Elsewhere it would offer cremations for as little as $695, but prosecutors said the price was always hundreds of dollars more.
Another image from the complaint shows prices that federal authorities say were not an accurate reflection of what consumers were most often charged.
Customers say they did not realize at first that the company would hire other companies to do the work. Sometimes there would be delays that lasted weeks. Some customers say if they complained about additional charges, the company would threaten to not give the family the corpse.
Damiano also has faced state regulatory actions.
From 2014 to 2021, at least 10 states told the company that it was using deceitful sales tactics, operating without a license or making misstatements in marketing materials. During this time frame, Florida, Tennessee, North Carolina, Texas, Pennsylvania and Vermont issued cease and desist letters, telling the company not to offer services where it does not have a proper license. The company signed a cease-and-desist agreement with Georgia based on similar allegations in 2017.
That same year, Colorado revoked the company’s funeral home registration. According to state filings, the company’s website offered cremations by “licensed funeral home directors,” but in reality it did not have a license to operate as a crematory and did not employ any licensed funeral home directors.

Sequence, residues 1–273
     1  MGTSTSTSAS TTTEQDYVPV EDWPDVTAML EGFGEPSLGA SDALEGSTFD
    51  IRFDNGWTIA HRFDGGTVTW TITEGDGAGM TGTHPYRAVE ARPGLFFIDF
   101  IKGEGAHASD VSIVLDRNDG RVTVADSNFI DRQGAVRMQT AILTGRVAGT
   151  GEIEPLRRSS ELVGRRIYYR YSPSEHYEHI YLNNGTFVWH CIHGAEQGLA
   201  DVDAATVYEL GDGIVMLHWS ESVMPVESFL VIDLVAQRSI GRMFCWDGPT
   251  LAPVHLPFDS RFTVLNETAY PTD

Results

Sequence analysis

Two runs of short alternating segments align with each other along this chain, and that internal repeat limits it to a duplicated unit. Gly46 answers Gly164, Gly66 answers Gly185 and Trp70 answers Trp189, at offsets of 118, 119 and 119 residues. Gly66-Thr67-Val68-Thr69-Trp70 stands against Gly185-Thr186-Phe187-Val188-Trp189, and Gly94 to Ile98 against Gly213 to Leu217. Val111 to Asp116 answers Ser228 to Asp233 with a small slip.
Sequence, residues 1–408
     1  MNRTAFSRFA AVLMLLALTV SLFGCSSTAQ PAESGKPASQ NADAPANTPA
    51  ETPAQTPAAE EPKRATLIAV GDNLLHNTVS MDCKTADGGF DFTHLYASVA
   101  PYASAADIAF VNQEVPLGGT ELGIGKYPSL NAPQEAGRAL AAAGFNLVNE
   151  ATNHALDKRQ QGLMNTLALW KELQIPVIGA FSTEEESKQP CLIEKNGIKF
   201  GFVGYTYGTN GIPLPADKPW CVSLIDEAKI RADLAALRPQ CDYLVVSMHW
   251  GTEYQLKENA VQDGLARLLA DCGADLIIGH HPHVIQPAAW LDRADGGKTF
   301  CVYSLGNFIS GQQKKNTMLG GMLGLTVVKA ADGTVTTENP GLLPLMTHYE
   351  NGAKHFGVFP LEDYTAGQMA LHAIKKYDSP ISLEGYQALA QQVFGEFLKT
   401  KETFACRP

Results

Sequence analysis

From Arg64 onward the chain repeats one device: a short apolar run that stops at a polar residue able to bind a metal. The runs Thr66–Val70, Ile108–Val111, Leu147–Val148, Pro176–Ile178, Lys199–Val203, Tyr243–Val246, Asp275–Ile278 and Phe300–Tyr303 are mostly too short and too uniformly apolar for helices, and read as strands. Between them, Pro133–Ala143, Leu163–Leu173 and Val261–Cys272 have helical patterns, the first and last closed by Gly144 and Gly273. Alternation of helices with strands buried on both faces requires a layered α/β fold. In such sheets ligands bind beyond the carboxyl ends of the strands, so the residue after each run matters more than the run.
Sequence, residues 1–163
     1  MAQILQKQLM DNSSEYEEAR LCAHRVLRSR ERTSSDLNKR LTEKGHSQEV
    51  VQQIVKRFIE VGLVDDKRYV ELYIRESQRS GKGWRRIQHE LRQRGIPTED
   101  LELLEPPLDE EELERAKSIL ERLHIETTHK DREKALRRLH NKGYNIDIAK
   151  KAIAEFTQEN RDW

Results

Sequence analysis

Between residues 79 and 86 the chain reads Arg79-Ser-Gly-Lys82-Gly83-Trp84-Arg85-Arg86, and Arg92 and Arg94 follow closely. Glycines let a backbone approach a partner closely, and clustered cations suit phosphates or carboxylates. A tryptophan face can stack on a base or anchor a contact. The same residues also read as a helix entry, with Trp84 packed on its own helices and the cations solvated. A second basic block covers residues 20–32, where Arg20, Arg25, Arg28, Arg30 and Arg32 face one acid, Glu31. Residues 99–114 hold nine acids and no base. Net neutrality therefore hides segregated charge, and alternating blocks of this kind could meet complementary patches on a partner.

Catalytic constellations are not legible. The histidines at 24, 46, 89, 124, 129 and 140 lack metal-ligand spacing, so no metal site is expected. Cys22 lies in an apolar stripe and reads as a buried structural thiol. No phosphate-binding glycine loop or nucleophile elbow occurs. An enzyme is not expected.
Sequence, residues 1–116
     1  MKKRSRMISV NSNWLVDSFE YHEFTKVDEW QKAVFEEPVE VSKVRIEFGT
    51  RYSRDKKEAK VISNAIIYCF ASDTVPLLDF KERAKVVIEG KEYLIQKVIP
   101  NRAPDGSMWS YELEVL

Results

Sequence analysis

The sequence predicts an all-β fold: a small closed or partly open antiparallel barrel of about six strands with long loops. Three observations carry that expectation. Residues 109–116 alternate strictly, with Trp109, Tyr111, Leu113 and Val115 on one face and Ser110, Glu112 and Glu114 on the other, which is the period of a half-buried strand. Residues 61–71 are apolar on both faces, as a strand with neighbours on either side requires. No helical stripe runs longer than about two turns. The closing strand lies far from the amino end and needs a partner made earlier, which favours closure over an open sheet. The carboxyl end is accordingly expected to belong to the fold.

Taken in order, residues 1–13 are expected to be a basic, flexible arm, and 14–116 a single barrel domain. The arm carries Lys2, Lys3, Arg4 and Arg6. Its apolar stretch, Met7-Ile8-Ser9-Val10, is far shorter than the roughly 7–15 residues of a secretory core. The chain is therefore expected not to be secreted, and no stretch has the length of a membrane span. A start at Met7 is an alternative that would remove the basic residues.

Although the funeral home was legally registered with the state, the investigation by the state Office of Funeral Home and Crematory Registration noted that the company did “not have appropriate equipment or personnel to provide the funeral goods or services it contracts at its registered business address.” The business continued to operate at least through November 2020, according to a cease-and-desist order.
Customer complaints obtained through a Freedom of Information request by the NYCity News Service to the Florida Department of Financial Services include repeated accusations of fraud, surprise extra costs and deceiving customers about the funeral home’s location. Family members said in interviews that when they called the company, they would be cursed at when they complained about services.
Photo by Hannah-Kathryn Valles
Photo by Lara Heard
Photo by Joe Caffrey
In 2015, Debra Okomon, of Jackson, Georgia and her husband alleged in a Florida complaint that they had originally been quoted a price of $995 over the phone for the cremation of her brother by Heritage Cremation.
On the scheduled day, they say they received a call from Heritage telling them they would have to pay $1,500 or find another funeral home. After some negotiation, the price came down to $1,210.
Although the company is registered in Colorado, the price list Okomon received listed a post-office box in Florida as the corporate address.